Environmental issues

Water quality

What can we do about stormwater pollution?

Everyone can do something to reduce stormwater pollution

Some people are quick to complain about water pollution, especially when it affects their favourite river, lake or beach. They may not realise that they may be contributing to this pollution when they tip harmful materials down the drain or carelessly drop litter on the road. The reality is that we all have an impact on stormwater quality, and we can all take steps to make a difference. You could make a difference just by changing the way you do something, like washing your car or walking your dog.

Activities which seem harmless or insignificant on a small scale can have an enormous cumulative impact on our waterways. Imagine thousands of people in the streets around you dropping a cigarette butt from their cars, sweeping dirt off their driveways or washing detergent off their cars down the street drains. It all ends up in the water.

Benefits for everyone

Whether you live close to the water, or only visit lakes, rivers, the harbour or beaches occasionally, reduced stormwater pollution will lead to many ongoing benefits for the environment and for all of us:

  • rivers, lakes and beaches will be cleaner and safer for swimming
  • waterways will look cleaner: there will be fewer plastic bags and other pollution visible in the water
  • ratepayers will spend less money on emptying stormwater traps
  • the environment will be healthier for plants and animals

What you can do to reduce stormwater pollution

In the garden



  • sweep the gutters and driveways regularly and place the sweepings on the garden, compost or in the bin
  • don't hose dirt off hard surfaces (roads, paths, driveways) into gutters
  • prevent soil or mulch from being washed or blown off the garden
  • don't  hose leaves and grass clippings into gutters
  • rake up leaves or lawn clippings and use them as mulch on the garden or place them in the compost
  • don't  pile sand and soil on areas where it can wash into the stormwater system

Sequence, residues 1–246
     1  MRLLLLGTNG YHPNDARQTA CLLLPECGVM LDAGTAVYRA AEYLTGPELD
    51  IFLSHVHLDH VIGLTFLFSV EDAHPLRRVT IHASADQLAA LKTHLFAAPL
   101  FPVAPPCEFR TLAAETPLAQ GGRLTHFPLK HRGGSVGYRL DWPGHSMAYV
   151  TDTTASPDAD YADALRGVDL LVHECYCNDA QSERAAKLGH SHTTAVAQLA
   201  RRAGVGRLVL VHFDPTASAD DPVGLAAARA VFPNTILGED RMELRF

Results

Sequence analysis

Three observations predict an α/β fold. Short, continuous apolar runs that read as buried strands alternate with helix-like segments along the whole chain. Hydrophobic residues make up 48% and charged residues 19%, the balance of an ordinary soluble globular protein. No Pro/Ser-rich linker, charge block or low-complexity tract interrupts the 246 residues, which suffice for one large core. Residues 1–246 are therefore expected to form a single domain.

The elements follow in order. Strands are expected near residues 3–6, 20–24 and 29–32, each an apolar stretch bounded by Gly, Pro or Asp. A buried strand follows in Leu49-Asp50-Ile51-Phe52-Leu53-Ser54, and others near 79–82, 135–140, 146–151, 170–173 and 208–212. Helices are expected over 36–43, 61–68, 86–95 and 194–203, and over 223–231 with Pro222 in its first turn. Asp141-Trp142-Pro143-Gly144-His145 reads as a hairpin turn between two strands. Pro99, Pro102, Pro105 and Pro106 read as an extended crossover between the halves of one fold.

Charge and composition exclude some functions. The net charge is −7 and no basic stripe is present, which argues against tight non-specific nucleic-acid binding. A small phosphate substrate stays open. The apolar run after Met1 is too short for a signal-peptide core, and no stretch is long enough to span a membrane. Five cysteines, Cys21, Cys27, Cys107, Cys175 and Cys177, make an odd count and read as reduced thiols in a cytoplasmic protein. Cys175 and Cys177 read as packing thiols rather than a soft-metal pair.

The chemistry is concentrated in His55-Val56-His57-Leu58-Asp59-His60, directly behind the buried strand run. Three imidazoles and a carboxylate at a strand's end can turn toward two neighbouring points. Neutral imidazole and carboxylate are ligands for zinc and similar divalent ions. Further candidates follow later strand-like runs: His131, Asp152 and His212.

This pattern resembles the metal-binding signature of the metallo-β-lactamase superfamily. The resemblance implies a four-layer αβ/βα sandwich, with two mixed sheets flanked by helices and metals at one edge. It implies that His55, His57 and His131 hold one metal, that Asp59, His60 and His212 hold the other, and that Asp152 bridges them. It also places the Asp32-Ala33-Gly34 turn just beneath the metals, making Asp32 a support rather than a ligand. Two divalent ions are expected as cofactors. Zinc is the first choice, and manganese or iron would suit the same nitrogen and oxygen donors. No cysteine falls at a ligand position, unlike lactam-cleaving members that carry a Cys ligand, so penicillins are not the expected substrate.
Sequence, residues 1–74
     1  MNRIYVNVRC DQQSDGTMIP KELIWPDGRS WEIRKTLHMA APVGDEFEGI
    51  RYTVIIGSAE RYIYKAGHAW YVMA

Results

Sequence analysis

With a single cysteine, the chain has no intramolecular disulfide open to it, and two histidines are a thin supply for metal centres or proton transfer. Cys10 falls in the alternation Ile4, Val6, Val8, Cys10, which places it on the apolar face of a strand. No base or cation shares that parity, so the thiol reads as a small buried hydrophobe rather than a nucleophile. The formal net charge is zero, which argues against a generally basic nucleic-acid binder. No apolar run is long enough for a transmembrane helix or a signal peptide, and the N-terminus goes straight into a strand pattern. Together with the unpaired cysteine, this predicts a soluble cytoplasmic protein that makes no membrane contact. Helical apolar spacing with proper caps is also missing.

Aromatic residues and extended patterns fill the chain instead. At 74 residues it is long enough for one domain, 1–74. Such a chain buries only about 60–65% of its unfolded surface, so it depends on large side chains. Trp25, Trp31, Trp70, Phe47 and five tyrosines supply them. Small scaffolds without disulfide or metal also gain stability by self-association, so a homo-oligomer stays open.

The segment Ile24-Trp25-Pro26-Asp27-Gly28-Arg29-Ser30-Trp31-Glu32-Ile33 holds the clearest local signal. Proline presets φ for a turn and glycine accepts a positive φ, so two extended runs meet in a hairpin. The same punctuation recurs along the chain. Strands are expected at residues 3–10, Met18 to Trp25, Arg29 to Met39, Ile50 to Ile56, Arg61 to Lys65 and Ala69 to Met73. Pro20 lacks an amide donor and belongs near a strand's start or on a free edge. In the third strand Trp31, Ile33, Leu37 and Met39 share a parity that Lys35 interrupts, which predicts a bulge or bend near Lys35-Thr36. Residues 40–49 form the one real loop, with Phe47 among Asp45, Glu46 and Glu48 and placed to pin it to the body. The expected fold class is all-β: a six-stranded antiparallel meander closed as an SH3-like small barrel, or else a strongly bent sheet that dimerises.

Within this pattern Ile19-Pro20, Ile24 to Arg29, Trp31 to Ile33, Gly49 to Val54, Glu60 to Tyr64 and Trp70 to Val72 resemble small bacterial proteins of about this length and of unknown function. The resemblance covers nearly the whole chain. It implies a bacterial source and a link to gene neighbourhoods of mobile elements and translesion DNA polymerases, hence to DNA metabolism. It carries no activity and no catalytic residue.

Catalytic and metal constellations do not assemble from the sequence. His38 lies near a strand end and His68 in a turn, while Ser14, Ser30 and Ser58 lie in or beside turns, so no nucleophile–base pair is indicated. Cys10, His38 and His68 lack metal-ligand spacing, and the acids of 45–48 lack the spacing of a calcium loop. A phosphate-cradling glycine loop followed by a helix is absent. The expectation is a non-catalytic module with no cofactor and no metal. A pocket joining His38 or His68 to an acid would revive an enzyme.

• grass or re-plant areas of disturbed soil
  • don't  overuse chemicals (pesticides and herbicides) that could be washed into stormwater from the garden or yard
  • consider natural alternatives to pest control chemicals
  • don't  use too much fertiliser

In the street



  • pick up litter in the park or on the street
  • don't  drop packaging or cigarette butts on the ground
  • clean up pet droppings and dispose of them in the garden, rubbish bins, or in the toilet.
  • don't  leave rubbish where bins are already full

With the car



  • maintain the car, making sure there are no leaks and that fuel is burnt 'cleanly' by keeping your car tuned
  • don't  work on your car (including oil changing) in a place where oil and grease may wash into gutters
  • use the minimum amount of detergent for cleaning outside, and wash your car on the grass or on gravel. A better option is to take your car to a car wash, where the water is recycled.
  • don't  wash the car in the street using detergent

During renovations



  • wash brushes and rollers over a sand filter on the lawn
  • don't  wash out cement mixers or barrows so that the waste flows into street drain
  • keep paint, turps and solvents clear of gutters or drain
  • don't  hose sand, gravel or cement into the gutter
  • reuse turps once the paint has settled
  • don't  leave piles of sand or gravel uncovered where it could wash or blow into the gutter
  • allow unused paint to dry out and then put it in the bin

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Page last updated: 21 December 2015